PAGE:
Opposites attract or birds of a feather?

Opposites attract, or Birds of a feather?

Craig Browne

If you are like me, you probably find these kinds of generalisations applied to relationships, somewhat troublesome – too inconsistent to really be useful. I mean, they can’t both be right, can they? Either two people described as “opposite” are attracted to each other specifically because of their oppositions, or they are not. In which case two people who are of a feather – flock.  

A bit of a scan of studies and opinions (beautifully summarised here and here) suggest that typically opposites don’t. It seems that people are attracted to people who are like them. So, it’s birds one, opposites zero! Very satisfying. (I am sure the debates will continue).

This makes sense. As Clifford Nass, wrote in The man who lied to his laptop (a personal favourite),

“… the more similar two people are, the more probable it is that they will like, trust, and respect each other.”

And, I guess … they attract, or connect. It doesn’t mean they have to fall in love, but they will most likely get along better.

What does this mean for teams?

Much has been written about the pros and cons of encouraging what we might call, in this article at least, “opposites” in teams. There are definitely positive outcomes, but it’s complex, nuanced and still being understood. Two important areas are: diversity in team membership (age, gender, cultural, ethnicity), and the wilful encouragement of constructive conflict. Both provide a sort of “unlikemindedness” (I made that up) that can lead to outcomes such as increased creativity, knowledge, responsiveness and productivity — though not necessarily in a straight line — extra effort is often required and factors such as whether the team is collocated or remote may impact things a bit.

As this metastudy summarises:

“[Studies] reinforced that deep-level diversity is associated with more creativity due to its relationship with higher information diversity. This effect is moderated to be (more) positive when the team is collocated or is engaging in a task with high interdependence.”

There seems to be an overriding paradox here: we want, maybe need, our teams to comprise of “opposites”, while also needing everyone to trust and respect each other – ie be a bit more like birds of a feather (let’s call them BOAFs).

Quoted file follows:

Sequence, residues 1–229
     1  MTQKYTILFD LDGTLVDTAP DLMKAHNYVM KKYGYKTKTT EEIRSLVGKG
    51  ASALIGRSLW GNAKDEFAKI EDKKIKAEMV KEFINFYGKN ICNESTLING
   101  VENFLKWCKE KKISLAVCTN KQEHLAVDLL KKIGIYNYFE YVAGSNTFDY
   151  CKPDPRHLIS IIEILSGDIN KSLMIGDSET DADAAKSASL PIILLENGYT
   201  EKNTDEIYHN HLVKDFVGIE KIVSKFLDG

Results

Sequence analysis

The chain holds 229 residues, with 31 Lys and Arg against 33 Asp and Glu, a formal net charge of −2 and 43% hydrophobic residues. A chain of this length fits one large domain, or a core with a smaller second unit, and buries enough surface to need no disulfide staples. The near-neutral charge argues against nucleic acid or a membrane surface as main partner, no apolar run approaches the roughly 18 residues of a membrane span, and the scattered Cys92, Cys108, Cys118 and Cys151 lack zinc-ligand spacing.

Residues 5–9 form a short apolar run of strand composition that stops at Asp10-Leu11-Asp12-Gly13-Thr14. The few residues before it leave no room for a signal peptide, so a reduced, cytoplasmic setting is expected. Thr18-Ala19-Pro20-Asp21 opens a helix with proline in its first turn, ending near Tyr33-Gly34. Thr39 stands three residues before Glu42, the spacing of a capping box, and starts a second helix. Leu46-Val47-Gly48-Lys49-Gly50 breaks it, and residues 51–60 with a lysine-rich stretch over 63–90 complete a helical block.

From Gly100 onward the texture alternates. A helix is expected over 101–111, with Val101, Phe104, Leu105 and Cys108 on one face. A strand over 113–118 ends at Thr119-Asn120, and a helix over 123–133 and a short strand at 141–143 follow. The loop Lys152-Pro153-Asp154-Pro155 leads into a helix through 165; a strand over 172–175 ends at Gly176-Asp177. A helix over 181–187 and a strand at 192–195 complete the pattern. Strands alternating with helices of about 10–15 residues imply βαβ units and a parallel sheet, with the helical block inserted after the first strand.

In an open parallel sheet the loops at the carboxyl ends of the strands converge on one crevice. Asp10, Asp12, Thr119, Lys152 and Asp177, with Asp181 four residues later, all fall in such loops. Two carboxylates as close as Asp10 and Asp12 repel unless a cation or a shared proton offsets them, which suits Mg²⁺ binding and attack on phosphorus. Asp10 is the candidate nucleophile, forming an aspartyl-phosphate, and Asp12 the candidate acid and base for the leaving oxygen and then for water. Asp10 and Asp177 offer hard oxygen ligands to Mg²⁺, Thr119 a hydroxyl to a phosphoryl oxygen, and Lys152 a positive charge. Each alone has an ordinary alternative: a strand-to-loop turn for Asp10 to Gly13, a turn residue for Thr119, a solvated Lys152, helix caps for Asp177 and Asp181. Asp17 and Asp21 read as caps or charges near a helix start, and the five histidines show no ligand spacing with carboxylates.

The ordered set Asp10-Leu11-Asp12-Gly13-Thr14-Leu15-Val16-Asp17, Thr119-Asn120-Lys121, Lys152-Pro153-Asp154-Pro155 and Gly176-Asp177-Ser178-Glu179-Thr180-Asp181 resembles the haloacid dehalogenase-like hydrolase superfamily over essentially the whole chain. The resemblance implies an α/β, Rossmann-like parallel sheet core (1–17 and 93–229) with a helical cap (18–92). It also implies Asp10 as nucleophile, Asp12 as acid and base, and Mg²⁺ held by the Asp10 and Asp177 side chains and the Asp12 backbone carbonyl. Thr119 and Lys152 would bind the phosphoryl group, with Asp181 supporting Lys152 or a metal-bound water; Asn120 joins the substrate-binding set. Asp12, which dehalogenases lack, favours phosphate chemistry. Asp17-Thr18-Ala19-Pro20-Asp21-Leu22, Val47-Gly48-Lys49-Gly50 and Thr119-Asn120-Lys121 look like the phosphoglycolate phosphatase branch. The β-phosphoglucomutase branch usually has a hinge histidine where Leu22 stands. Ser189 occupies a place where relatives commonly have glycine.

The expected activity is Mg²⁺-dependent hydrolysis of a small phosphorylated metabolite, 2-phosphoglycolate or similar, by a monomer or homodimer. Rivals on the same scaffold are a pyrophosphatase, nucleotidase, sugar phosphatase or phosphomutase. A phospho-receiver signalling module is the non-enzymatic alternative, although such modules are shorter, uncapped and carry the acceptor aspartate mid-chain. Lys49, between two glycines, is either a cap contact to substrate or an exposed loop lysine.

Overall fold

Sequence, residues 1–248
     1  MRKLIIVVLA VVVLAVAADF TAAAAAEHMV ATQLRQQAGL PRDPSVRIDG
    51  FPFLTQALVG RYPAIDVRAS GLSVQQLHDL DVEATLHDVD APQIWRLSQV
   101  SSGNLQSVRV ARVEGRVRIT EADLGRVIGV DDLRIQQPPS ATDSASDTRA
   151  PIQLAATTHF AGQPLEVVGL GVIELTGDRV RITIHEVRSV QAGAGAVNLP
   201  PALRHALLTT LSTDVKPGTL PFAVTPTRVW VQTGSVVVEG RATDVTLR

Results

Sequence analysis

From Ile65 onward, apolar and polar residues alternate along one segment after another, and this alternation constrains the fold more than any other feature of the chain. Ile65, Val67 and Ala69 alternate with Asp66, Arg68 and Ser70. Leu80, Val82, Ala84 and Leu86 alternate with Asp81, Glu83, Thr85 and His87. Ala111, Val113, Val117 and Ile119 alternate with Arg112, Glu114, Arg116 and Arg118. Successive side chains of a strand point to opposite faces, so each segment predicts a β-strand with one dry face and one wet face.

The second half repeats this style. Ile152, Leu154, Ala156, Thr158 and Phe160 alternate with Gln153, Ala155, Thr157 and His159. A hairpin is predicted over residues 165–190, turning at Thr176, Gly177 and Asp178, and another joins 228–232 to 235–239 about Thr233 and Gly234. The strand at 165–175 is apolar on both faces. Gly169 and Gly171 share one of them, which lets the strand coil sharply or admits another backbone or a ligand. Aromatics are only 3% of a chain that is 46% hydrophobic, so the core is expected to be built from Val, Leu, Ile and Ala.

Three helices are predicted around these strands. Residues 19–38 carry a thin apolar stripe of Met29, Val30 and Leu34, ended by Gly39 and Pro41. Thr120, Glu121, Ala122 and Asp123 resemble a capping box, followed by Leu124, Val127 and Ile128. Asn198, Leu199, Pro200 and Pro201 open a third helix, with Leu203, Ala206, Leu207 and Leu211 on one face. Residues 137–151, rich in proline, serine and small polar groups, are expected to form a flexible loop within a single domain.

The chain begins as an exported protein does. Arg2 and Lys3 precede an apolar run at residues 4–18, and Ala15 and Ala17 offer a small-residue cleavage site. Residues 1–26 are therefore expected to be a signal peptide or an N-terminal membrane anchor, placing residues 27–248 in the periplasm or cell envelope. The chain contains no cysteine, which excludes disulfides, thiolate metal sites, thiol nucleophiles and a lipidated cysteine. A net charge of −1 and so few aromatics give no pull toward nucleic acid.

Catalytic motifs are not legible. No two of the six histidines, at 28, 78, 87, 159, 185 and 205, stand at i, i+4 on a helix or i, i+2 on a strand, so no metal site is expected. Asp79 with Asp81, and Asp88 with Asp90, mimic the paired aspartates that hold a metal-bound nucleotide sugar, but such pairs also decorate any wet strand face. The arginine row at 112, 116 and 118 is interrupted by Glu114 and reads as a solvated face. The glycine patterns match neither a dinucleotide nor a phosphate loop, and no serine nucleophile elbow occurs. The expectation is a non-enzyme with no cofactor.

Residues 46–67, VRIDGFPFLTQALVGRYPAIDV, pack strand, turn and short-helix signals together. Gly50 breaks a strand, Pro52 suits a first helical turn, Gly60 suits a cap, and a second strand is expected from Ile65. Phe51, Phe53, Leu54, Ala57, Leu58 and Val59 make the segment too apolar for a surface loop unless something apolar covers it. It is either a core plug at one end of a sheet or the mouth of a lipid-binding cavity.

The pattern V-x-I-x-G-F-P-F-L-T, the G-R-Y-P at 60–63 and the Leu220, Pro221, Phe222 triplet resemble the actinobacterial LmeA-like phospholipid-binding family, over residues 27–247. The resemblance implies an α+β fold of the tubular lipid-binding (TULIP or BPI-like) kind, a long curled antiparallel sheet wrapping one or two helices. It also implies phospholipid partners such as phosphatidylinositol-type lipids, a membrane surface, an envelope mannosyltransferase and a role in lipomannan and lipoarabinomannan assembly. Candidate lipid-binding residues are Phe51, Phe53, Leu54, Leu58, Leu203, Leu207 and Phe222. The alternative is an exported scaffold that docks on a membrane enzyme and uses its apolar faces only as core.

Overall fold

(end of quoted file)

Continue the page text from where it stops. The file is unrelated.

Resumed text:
So what to do?

Here’s Nass again,

“You can leverage existing similarities, no matter how small or seemingly irrelevant, to build a team.”

You don’t actually have to be the same as each other – any similarities you find that you share will contribute to increased trust and respect. Just wearing the same team t-shirt or wristband or having a team name, makes a difference.

Known as the, similarity-attraction effect, studies show that, in general, people tend to prefer to affiliate with people who share similar attitudes to themselves. You don’t always have to like who you work with, but people do tend to like, get-along-with and help out, people who are like them (and, incidentally, who like them).

So, where possible, team development should include opportunities for team members to identify things about each other that they genuinely share in common. This will build trust, loyalty, and cooperation. In addition, research indicates that these kinds of structured conversations designed to promote mutual sharing of experiences and views can lead to an increase in empathy and a reduction in prejudice.

CCS Cards and the similarity effect

Identifying similarities has always been a natural consequence of CCS Cards (right back to its roots in the board game we created, Compatibility).

Almost by default, CCS activities encourage participants to genuinely share their lived experiences and hear those of others, even in a training room session. This makes it easy for people to uncover similarities and find common ground. When participants select the same CCS card for the same reason, or the same card for a different reason, or even different cards for the same reason, these are natural opportunities for creating team identification or camaraderie – that, as Nass has shown, can be almost as powerful as genuine similarity.

So, if you are looking to help your teams tap the benefits of “opposites” and connect like BOAFs, consider giving each team member a pack of CCS Cards and flock around the table or virtually over Zoom.

PS: As a little aside, I think that the debate about opposites and feathers is probably nuanced a little according to the factors you are using to characterise “opposite”. For instance, maybe two people look to be opposites because they have quite different public interests, but actually share core needs that keep them together (see needs vs wants).

Craig Browne

Craig is co-founder of CCS Corporation, co-developer of the CCS, a designer, educator, product developer and award-winning game maker.